The above system allows URIs to propagate organically through the extended library information network in a matter that is both efficient and provides a growing graph of context for disambiguation. Once a URI is in circulation, each library that uses the URI extends the graph of information available for other libraries to use in disambiguation. This extend graph would very quickly surpass the current level of context that surrounds existing authority methods.
There are, however, some potential difficulties with the completely decentralized model. Most obvious is the problem of finding an appropriate URI with a non-matching label. The current, authorized heading for “Mary W. Shelley” is “Shelley, Mary Wollstonecraft, 1797-1851.” A query for the label “Mary W. Shelley” would not find a referenced URI for “Mary W. Shelley,” even though the two are actually the same person and should be represented with the same URI. The solution to this problem is a reconciliation process commonly known as sameAs. The sameAs entity provides a mechanism for indicating that two URIs refer to the same entity. Thus, for example, if one graph assigns the following URI to Mary W. Shelley:
And another graph assigns the following, different URI to Shelley, Mary Wollstonecraft, 1797-1851:
The following sameAs statement indicates that both URIs represent the same person, with the two name variants “Mary W. Shelley” and “Shelley, Mary Wollstonecraft, 1797-1851”:
Figure 30: sameAs entity linking
Once a sameAs statement has been made and published, it becomes available for others to take advantage of. A traversal for the “Mary W. Shelley” URI would find the sameAs statement and know that it also need to query for the “Shelley, Mary Wollstonecraft, 1797-1851” in order to produce a complete graph of the referenced person—provided the querying institution has access to the graph that contains the sameAs statement.
There are two primary obstacles to a completely decentralized authority model of URI creation and sameAs reconciliation. The first is the problem of determining the scope of query traversal. Were the entire library community to transition to Linked Data, the number of graph endpoints would be staggering. This number would continue to grow as commercial vendors and services enter the ecosystem. As such, traversing the entire knowledge graph represented by the Linked Data web is not computationally practical. Making such a traversal would require computing resources on the order of that currently provided by major search engines—a level of technology support not now nor likely ever to be in the grasp of even the most major resource libraries.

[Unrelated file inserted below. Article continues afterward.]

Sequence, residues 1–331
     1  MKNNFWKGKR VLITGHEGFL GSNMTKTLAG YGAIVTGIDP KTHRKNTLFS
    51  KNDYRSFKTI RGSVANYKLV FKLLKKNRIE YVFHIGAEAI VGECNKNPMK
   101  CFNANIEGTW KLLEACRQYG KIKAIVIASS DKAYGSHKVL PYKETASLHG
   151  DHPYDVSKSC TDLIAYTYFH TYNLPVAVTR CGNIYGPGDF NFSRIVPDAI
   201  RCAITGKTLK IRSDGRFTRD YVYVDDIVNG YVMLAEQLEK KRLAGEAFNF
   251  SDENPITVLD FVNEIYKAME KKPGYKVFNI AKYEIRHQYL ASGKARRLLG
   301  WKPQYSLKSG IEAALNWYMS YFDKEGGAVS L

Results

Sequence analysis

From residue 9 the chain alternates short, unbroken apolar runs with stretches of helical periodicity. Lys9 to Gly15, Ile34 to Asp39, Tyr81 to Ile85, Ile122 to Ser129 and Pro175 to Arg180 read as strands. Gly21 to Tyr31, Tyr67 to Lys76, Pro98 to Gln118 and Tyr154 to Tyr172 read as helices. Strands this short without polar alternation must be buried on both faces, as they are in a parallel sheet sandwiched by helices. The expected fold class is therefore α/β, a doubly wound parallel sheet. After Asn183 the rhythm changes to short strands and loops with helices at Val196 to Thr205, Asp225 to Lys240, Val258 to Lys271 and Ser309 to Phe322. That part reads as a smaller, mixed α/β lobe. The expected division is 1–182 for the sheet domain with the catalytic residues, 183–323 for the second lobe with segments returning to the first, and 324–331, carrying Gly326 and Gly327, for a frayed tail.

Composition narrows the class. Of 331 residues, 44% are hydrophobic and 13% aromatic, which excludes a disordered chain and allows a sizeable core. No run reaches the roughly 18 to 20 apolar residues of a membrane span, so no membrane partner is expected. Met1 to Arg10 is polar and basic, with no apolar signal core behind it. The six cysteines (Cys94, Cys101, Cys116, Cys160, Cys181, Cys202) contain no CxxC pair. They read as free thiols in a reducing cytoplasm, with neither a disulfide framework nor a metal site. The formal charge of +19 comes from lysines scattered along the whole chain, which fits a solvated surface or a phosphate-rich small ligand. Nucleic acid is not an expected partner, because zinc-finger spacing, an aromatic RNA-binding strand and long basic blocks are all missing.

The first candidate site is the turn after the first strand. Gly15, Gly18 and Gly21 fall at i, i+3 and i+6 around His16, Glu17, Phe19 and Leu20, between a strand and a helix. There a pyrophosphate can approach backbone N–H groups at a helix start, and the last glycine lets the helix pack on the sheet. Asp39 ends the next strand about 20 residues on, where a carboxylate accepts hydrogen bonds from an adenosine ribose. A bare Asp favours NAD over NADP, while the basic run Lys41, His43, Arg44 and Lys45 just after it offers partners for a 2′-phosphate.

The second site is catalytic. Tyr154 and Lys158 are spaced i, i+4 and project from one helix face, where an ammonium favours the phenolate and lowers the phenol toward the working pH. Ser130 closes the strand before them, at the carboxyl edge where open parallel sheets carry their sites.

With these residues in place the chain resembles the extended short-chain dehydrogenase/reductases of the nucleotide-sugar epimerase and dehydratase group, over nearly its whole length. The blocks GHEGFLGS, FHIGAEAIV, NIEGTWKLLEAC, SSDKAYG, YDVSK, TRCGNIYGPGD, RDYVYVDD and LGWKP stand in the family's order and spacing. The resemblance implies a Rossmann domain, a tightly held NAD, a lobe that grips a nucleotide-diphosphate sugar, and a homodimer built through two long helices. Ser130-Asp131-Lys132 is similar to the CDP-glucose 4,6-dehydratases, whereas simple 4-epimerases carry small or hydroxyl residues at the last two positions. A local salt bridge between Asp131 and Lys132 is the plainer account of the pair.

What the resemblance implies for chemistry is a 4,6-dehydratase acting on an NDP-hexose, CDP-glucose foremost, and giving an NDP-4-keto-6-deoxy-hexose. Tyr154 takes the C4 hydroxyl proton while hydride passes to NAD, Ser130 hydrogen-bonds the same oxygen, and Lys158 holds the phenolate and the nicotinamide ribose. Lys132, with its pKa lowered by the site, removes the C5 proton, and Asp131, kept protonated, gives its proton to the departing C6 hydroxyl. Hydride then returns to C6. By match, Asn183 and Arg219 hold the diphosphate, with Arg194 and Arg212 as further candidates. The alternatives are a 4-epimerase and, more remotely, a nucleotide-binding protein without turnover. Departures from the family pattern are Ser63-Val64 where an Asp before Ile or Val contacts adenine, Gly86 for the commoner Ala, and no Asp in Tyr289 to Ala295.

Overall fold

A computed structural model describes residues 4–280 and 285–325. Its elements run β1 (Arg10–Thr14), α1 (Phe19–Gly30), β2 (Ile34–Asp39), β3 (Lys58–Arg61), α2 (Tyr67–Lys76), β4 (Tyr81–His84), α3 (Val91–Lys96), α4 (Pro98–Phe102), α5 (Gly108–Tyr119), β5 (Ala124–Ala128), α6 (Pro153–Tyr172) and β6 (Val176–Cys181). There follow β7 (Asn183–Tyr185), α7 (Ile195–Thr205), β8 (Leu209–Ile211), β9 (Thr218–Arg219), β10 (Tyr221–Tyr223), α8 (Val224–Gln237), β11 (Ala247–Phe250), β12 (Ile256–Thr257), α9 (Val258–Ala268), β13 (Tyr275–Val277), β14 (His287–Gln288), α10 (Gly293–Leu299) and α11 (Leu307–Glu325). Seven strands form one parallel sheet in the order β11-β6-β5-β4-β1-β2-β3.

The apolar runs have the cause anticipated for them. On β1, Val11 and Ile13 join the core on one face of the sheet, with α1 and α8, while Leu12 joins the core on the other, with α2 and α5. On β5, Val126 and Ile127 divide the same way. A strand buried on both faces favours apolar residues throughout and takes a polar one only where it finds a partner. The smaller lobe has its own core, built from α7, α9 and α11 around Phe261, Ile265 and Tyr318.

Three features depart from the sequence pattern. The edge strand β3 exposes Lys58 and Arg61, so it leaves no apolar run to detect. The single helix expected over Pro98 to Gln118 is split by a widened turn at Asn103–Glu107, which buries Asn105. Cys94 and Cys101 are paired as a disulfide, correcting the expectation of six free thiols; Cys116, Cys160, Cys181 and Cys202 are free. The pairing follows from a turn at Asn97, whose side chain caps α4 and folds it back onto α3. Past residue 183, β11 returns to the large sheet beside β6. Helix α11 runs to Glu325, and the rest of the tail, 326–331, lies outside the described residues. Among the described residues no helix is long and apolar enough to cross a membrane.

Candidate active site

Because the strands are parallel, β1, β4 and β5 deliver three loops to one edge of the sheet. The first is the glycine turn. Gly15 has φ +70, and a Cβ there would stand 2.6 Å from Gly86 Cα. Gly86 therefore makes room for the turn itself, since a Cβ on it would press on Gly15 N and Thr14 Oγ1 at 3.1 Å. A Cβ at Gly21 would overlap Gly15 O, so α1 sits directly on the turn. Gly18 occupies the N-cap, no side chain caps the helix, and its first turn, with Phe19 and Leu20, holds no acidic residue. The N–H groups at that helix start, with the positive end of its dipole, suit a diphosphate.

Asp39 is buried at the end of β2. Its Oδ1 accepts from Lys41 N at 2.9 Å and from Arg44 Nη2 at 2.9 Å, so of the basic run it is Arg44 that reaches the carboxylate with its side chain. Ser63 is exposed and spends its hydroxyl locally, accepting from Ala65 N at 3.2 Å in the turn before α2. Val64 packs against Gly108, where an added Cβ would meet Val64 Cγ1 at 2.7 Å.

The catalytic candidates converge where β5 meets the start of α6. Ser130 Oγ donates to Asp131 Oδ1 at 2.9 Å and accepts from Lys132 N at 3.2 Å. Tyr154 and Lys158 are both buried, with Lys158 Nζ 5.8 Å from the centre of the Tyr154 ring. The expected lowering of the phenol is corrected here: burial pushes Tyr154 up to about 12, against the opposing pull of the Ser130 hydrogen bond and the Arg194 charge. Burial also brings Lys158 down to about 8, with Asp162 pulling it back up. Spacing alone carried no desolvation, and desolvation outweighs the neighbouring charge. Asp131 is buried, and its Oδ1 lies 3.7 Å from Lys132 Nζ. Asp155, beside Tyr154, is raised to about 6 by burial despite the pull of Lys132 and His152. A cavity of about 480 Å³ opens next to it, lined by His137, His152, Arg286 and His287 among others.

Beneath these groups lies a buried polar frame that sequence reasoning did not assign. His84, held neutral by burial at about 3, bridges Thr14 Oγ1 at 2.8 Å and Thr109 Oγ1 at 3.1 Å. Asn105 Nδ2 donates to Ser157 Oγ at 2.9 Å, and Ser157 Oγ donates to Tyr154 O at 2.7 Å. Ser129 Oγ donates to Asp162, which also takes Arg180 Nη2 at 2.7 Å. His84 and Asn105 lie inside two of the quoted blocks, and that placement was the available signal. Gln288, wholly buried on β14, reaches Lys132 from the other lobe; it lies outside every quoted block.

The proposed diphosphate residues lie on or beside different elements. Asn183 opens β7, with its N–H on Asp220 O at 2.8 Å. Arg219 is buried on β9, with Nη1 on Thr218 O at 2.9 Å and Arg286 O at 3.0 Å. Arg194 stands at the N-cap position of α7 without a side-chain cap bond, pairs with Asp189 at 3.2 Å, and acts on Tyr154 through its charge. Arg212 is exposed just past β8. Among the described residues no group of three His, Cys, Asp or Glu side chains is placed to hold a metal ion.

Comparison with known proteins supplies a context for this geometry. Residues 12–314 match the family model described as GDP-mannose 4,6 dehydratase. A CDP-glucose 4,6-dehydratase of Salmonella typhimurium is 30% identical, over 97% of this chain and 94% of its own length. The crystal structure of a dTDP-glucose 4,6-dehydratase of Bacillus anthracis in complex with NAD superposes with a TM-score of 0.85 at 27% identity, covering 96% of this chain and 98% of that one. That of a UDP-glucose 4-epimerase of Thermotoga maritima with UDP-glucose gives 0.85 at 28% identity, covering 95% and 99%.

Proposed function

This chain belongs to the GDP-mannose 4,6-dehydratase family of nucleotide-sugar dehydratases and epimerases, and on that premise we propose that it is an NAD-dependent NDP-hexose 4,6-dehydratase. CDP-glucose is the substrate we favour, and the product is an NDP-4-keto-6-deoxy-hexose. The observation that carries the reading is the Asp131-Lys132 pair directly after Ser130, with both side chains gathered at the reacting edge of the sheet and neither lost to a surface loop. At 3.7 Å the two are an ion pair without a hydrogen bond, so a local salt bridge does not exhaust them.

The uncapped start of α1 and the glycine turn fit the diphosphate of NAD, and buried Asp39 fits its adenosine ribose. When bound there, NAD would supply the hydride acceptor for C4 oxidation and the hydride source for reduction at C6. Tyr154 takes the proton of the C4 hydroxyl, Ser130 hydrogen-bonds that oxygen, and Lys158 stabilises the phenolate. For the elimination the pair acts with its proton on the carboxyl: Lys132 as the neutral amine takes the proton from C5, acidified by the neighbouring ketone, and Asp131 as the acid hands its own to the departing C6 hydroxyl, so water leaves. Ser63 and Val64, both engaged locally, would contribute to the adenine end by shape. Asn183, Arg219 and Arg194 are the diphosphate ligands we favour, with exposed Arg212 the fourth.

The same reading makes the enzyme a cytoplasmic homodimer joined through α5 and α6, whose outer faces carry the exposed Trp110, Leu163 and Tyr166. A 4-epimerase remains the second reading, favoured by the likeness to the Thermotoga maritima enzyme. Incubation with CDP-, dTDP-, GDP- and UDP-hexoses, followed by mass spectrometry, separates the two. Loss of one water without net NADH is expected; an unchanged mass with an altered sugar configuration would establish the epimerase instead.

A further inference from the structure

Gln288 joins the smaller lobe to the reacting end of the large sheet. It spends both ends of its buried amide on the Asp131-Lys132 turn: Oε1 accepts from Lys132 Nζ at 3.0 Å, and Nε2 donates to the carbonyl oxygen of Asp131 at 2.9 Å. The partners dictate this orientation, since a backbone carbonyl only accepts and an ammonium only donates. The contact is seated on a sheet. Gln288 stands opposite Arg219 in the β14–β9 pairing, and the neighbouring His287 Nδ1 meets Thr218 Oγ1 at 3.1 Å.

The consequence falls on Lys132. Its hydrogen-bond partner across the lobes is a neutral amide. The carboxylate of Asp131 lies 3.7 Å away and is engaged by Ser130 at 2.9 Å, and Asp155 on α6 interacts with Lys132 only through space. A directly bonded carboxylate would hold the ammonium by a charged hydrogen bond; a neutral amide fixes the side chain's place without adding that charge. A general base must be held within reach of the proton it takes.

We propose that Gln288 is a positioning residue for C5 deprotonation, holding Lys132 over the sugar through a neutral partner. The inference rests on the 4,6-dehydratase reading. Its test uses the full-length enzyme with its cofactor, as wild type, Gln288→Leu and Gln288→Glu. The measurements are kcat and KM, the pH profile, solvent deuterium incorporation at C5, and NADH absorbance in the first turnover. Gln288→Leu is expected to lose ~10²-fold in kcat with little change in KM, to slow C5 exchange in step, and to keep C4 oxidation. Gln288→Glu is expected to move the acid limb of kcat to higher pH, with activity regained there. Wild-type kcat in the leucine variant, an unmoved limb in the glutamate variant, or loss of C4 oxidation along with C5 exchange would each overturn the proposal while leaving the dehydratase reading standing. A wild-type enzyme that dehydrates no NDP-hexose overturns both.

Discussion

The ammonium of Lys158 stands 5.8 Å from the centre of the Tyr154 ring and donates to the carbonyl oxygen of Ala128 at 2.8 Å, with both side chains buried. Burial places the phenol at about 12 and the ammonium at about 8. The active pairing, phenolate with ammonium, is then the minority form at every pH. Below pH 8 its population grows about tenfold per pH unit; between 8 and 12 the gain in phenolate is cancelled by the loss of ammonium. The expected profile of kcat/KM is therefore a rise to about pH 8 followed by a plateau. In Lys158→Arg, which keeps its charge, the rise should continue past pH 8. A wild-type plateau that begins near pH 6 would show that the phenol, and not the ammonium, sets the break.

History provides a lesson in the above regard. In the early days of the internet it was common for people and institutions to perform their own crawls of the entire internet and store a local cache for searching. However, within a year of the advent of the World Wide Web, such traversals became impractical based on both time of crawl and space required to store crawl caches, and the search engine as service was born. Farming out crawling and caching functions to a handful of centralized systems solved the computing barriers of local crawling and caching.
As the number of cultural heritage institutions and supporting commercial interests increases, libraries will quickly face the same technological barrier that confronted information consumers of the early internet. As such, some form of centralized authority operations will be a technological necessity for the future Linked Data library ecosystem. There are, however, multiple forms that such an operation could take.
Several organizations that currently maintain widely used authority lists have already made their MARC-based authorities available as Linked Data. This includes organizations such as the Library of Congress, OCLC, and Getty. As more libraries move into the Linked Data ecosystem, we can reasonably expect that others will do the same. None of those organizations currently making the authorities available as Linked Data have changed the process through which they manage their authorities to reflect a Linked Data environment. The Library of Congress, for example, still employs the same NACO system of authority management. Their Linked Data gateways are simply a Linked Data representation of the Library of Congress authority files.